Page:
MYTHing In Action – Myth in Politics
MYTHING IN ACTION: The Effect of Myth in Politics & Globalization
Iona Miller, 5-2008
Jungian psychology is a heuristic process applied to analyzing the deeper hidden meaning of many aspects of life and the world. Heuristic (hyu-RIS-tik) comes from the Greek meaning “to discover.” The heuristic process means achieving some desired result by intelligent guesswork rather than by systematic formula. This strategy for using readily accessible information to initiate problem-solving is used in the fields of invention, computer science, psychology and law.
Heuristic thinking mobilizes intuition and generally results in reasonably close or plausible solutions or characterizations. It is a rule of thumb for solving problems, making predictions and gaining insight. The benefits are speed and expediency in revealing common underlying cultural and behavioral patterns. In psychology, heuristics reveal the rules of behavior or archetypal processes, which explain how people make decisions and judgements or solve problems. It enables understanding by moving from the known to explaining the unknown using the logic of discovery based on experience.
COVERT MYTHICAL THEMES: Myth reveals the character of reality yet it is not of this realm. Myth must be uncovered. It is a primal active force in the world and the missing dimension in the dynamic interplay of politics. Myth is a common unifying principle. Myth permeates our understanding of our past, present and potential.
Myth is a conceptual schemata embodying core metaphysical concepts and moral wisdom. Myths do cultural work. All societies live by myths. In myth-building any words or symbols can be modified from their original meanings to suit their new roles in a matrix of varied forms. Claude Levi-Strauss observed, nothing in today’s society is more mythical than political ideology.
Just as myth has always had a strong social and political element, so political movements and theories have mythical dimensions. American politics has a mythic foundation and a mass culture that supports it. We also find it in narrative formulas in fiction. Popular culture also functions as a political practice in “Prime Time Politics.” Mythical political talk masquerades as rational thought.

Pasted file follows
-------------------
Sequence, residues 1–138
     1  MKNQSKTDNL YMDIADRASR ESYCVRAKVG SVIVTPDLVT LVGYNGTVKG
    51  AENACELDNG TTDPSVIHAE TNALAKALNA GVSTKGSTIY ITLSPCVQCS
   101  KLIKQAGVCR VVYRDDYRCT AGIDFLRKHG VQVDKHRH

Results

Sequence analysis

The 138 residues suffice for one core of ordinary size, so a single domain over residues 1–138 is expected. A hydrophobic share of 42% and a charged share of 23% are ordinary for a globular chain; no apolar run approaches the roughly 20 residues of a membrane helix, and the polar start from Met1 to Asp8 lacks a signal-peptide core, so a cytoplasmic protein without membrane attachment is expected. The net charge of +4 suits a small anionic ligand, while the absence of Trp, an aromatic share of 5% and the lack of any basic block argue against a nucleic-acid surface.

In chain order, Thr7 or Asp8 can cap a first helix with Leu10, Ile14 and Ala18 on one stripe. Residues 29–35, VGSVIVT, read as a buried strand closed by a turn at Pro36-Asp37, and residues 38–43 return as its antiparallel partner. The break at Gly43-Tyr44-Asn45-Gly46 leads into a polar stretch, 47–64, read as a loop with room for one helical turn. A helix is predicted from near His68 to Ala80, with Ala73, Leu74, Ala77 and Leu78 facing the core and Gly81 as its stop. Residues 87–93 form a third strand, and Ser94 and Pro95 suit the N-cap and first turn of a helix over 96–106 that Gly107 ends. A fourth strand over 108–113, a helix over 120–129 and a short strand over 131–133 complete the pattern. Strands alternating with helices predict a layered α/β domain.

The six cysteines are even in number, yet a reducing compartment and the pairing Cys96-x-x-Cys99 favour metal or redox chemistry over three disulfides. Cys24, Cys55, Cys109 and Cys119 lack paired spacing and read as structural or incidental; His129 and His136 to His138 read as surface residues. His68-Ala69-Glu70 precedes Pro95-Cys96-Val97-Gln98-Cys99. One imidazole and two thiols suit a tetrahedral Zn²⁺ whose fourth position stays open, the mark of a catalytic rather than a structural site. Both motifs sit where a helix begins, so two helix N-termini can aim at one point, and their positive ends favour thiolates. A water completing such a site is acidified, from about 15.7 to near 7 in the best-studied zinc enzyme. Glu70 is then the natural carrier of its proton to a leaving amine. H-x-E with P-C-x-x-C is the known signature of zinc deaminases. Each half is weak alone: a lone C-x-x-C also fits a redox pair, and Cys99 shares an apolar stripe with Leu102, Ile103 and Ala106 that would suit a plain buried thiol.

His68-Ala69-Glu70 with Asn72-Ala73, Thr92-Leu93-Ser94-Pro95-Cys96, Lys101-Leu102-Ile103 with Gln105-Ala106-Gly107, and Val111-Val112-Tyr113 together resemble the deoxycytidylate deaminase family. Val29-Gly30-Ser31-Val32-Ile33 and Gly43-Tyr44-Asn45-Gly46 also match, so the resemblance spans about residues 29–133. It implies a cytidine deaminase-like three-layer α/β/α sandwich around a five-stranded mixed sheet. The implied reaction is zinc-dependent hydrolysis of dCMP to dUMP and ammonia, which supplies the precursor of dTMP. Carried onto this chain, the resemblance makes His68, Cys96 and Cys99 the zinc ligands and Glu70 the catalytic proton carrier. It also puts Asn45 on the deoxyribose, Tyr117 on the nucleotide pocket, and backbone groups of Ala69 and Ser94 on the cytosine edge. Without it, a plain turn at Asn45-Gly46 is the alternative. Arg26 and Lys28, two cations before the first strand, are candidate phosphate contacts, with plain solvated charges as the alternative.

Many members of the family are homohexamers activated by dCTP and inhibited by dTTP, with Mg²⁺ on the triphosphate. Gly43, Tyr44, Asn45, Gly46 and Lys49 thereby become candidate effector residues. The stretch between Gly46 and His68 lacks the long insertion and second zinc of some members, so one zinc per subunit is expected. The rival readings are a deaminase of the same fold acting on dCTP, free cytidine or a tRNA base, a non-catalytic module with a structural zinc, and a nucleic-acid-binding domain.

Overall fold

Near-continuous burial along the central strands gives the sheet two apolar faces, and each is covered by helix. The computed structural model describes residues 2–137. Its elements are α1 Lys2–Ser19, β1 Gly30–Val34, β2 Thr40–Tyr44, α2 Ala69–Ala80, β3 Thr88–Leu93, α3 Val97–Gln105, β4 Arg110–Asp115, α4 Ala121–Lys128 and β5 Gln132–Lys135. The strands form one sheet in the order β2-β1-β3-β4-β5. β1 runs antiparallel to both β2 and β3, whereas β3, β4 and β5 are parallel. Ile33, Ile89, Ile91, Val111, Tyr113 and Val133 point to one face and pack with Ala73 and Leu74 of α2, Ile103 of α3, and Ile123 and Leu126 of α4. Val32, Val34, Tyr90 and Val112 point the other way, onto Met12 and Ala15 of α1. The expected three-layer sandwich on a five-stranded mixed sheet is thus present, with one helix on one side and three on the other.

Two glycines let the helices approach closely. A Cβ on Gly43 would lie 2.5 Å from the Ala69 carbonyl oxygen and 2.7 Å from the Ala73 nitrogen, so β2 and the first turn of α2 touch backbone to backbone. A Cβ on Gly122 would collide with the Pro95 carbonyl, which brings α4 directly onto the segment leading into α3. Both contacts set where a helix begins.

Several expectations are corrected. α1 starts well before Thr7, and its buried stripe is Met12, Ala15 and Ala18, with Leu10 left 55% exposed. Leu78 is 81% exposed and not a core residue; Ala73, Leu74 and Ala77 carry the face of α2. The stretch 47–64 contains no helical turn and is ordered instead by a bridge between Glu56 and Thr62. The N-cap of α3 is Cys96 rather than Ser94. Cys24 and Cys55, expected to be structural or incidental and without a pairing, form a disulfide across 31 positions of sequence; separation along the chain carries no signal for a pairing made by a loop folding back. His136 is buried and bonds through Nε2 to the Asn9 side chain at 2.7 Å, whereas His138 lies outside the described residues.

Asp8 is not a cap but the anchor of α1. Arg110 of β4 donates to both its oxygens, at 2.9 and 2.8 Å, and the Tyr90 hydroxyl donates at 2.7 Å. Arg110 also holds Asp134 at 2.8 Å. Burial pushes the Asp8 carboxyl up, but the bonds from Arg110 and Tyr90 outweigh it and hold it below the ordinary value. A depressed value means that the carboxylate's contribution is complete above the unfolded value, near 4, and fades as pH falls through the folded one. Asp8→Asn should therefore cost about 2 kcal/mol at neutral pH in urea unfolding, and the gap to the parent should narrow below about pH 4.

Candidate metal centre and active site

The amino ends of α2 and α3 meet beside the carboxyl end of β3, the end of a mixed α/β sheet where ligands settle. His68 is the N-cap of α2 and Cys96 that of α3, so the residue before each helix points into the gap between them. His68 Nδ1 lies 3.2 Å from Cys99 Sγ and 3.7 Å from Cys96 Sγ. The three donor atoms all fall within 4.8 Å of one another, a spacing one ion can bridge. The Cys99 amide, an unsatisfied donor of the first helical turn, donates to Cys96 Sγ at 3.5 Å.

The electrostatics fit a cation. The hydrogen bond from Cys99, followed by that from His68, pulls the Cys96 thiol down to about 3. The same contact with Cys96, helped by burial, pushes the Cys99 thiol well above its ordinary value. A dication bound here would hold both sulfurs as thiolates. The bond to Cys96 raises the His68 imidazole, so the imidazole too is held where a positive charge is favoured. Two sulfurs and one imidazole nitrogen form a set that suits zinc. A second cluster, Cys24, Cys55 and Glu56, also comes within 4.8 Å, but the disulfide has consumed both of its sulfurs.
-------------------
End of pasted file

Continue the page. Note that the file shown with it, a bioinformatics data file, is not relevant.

SYMBOLIC SYSTEM: Themes can be traced back to national myths and other cultural resources buried deeply in America’s origins and early history — from Francis Bacon’s Utopian dreams of New Atlantis, to Rosicrucian and Masonic Enlightenment, to revolutionary notions about Freedom. Among the mythical American core values, fundamental issues, such as liberty, responsibility and democracy have their mythical representations.
But our collective shadow shows in our egregious treatment of Native Americans and Blacks. Symbols can be fatal. Political history is largely an account of mass violence and of the expenditure of vast resources to cope with mythical fears and hopes. We still project our fears onto the unseen faces of domestic and international terrorists, in the name of the myth of the clash of cultures. All other nations have mythical histories, too.
The material world has a mythic nature with its dangers and ambiguous promise. Myth creates the vision of a future perfect world. We are largely unconscious of mythic operation and affects. Political myth has a narcotic quality that binds society together. It is the lens through which we interpret our individual selves. But myth also has cognitive and rational factors.
MYTHS OF NATIONHOOD: Being a good American means that you only subscribe to one version of the USA, Mythical America. That is the America, we have been told, that always puts the interests of the poor and downtrodden first. That is the America that would never strike first, and is a good world citizen, never polluting or using more than its share of the world’s resources. As far as countries go, Mythical America is as good as it gets.